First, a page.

You’re Next is an energetic, fun, somewhat smarter than average slasher horror film with delightfully dark humor in the vein of the Evil Dead films. It’s one of those movies that you’ll want to see in a theater with a great audience.
In You’re Next, the Davison family is attacked by home invaders during a family reunion celebrating the 35th anniversary of the clan’s matriarch and patriarch. We’re first introduced to one of the sons, Crispian (AJ Bowen) and his new girlfriend, Erin (Sharni Vinson) on their way to his family’s enormous manor. During the exposition, we learn that Crispian comes from wealth and that he’s not looking forward to what he expects will be a tense family gathering. Erin takes it all in stride, even when he subtly warns her that things might get weird.
As the rest of the family arrives, we meet Crispian’s douchey, older brother, Drake, his pampered younger sister, Aimee and his nondescript brother, Felix. Each sibling arrives with their respective romantic interests. When one of them is shot dead with an arrow during the big family dinner, it quickly becomes clear that those stalking the house intend to take the family down one-by-one. The carnage that follows is a sight to behold.
You’re Next keeps it fun and fresh by diverging just enough from the entirely cliche reliance on characters making horribly unintelligent decisions. The pacing is right on and it maintains the suspense by not lingering too long on the death of any character. The film weaves in enough over-the-top, dark humor to relieve the tension as it sets up the next attack. It is this that keeps the film feeling balanced. If you want to see what is probably one of the smarter slasher flicks of the year, You’re Next should be on your list.
The rest of this review is going to be spoiler heavy and you may want to come back once you’ve seen the film.
At the very start of the You’re Next we’re introduced to the Davison family’s neighbor. The well-to-do, middle-aged man is shagging a college-aged and rather disinterested-looking lady. After the evening’s activities, the mostly naked woman heads downstairs to get a drink and listen to some music. As she investigates a sound outside, she’s murdered. Her killer scrawls the words, “You’re Next” in blood on the window. The home’s owner is also killed after he goes downstairs to check on her. This entire scene might exist to establish the possibility of the Davison family’s death as part of a horrific serial killing. Or, as a slightly less clever option, the couple was killed only to give the Davisons a much lower chance of being able to escape. The scene probably largely exists to physically work the film’s title in and to establish the one song the film could afford to use as a contrasting thematic device. In any of these scenarios, it still doesn’t need to exist as it does nothing to enhance the plot or move it forward.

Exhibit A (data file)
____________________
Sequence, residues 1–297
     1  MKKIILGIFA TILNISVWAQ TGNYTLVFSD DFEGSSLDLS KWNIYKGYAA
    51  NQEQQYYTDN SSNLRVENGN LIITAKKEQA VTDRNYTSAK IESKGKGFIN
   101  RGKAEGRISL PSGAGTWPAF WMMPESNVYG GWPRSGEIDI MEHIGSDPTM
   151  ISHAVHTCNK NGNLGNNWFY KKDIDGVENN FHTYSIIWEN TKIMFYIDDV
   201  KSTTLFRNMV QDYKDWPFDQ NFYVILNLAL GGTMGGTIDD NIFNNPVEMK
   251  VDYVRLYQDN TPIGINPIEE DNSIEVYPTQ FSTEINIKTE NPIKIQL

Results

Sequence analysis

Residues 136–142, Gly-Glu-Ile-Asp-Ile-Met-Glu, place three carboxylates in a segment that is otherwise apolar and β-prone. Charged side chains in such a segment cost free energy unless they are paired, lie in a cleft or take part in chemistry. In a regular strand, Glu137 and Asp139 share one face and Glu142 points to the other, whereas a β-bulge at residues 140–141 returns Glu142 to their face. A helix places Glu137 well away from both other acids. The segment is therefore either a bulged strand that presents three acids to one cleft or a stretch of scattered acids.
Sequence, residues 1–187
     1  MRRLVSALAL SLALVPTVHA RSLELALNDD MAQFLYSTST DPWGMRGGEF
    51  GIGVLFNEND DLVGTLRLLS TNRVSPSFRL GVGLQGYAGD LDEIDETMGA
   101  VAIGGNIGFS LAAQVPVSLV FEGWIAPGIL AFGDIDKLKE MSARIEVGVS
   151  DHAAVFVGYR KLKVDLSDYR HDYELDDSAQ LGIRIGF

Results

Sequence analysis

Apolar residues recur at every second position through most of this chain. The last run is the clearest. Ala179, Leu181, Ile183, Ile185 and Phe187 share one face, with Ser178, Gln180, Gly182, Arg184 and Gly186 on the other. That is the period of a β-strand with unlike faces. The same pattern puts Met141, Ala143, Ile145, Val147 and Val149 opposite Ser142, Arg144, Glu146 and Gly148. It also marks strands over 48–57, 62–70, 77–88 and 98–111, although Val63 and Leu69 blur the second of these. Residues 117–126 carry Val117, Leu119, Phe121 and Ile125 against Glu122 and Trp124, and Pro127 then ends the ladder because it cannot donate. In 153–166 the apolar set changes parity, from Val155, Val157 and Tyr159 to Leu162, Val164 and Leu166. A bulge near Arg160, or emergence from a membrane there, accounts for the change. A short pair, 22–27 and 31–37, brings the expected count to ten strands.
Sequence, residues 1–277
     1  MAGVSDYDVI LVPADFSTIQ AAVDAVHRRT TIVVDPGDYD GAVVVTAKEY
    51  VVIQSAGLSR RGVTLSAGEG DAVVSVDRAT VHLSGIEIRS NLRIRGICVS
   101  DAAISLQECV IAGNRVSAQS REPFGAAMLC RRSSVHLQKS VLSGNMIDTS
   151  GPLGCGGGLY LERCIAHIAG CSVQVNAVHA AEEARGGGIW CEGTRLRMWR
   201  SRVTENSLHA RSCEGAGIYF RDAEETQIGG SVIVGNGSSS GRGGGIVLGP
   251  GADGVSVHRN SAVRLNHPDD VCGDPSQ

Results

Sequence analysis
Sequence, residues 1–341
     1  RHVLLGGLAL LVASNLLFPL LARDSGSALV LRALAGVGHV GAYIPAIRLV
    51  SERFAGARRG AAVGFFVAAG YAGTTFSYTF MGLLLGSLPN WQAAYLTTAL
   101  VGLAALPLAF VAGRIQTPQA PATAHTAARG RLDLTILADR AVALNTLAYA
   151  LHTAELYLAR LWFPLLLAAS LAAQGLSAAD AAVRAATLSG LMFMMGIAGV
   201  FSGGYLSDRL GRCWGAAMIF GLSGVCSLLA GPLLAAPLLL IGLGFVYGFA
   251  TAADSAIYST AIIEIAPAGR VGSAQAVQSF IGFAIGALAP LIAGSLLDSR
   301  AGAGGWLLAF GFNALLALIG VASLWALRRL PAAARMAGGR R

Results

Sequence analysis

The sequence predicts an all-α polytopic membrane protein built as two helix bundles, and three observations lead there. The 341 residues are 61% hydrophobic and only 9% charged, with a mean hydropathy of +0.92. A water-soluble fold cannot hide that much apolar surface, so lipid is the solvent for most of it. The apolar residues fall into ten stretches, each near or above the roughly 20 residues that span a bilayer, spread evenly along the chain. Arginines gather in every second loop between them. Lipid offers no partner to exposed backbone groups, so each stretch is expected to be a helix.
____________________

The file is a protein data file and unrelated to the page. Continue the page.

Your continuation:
I am also so, so tired of characters having to make moronic decisions in order to move the plot of a horror film along. If the door to your gigantic empty house is open and it shouldn’t be, turn right the hell back around and get the cops. If unknown attackers are knocking you off one-by-one using projectile weapons, don’t go out into an open space and try to make a run for it. All logic says stay where you are. Stay away from the windows. Wait for daylight and wait for the cops to arrive. For the love of God, don’t go off on your own. Your strength is in numbers. Come on horror film protagonists, work with me!
The one breath of fresh air is Crispian’s girlfriend, Erin. She attempts to discourage the others from making poor decisions and quickly establishes herself as someone with the knowledge and skills to potentially survive the attack. After she dispatches one of the family’s attackers, we learn that she grew up in a survivalist colony. It’s unfortunate that even she makes some choices that are not in keeping with her character. Having established her survivalist background, it makes little sense that she would attribute the electricity going out throughout the house to the circuit breaker going out and not the attackers. Erin, then proceeds to the basement alone to check out the circuit breaker. Sigh. Moving on…
We find out much later in the film that Crispian and Felix hired the attackers to eliminate the family for a big inheritance payday, with the intention of excluding of their own girlfriends from the list of those to be murdered. It’s a little bit pedestrian, but difficult to look down upon too greatly in a year rife with supernatural horror films. There were few scripting tells earlier on in the film that hinted at the brothers involvement in the plot. Crispian disappears mid-film. His absence is obvious and made so because they do not touch upon his character again until the very end and do nothing to throw you off his trail. The mention of Erin’s having grown up in a survivalist colony and not yet told Crispian makes it stick out as an important plot point. Equally, Felix and his girlfriend’s complete no-sell reaction to Erin’s violently killing one of the attackers set off flags. Though these were more subtle than you would find in other horror films, it would have still been nice if they threw in a couple of red herrings.
The most entertaining deaths in the film are that of the first attacker and Felix’s end. Erin scores survivalist points for finding a way to off a person with a blender.
Regardless of my gripes, You’re Next is still more intelligent that a number of other films seen this year, including the Evil Dead remake. Go see it. You probably won’t get to view it in the theaters, because no one saw it there. But perhaps you’ll be able to catch You’re Next when it’s out on DVD. When you do make sure to share your thoughts in the comments and on our forums.